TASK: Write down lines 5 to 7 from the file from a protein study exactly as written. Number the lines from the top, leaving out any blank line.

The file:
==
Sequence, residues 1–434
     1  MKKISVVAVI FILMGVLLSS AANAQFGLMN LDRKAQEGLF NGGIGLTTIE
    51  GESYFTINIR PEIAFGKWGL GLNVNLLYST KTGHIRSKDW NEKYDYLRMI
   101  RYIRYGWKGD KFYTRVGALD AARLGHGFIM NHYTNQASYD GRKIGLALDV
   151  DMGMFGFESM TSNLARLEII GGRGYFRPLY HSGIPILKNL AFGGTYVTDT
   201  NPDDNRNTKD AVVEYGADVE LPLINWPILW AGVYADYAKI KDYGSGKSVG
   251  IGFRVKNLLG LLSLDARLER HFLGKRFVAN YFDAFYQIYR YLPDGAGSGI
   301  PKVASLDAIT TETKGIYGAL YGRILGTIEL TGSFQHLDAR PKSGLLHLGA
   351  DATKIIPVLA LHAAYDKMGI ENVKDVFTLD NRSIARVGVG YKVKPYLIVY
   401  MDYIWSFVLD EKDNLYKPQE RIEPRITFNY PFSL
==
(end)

   151  DMGMFGFESM TSNLARLEII GGRGYFRPLY HSGIPILKNL AFGGTYVTDT
   201  NPDDNRNTKD AVVEYGADVE LPLINWPILW AGVYADYAKI KDYGSGKSVG
   251  IGFRVKNLLG LLSLDARLER HFLGKRFVAN YFDAFYQIYR YLPDGAGSGI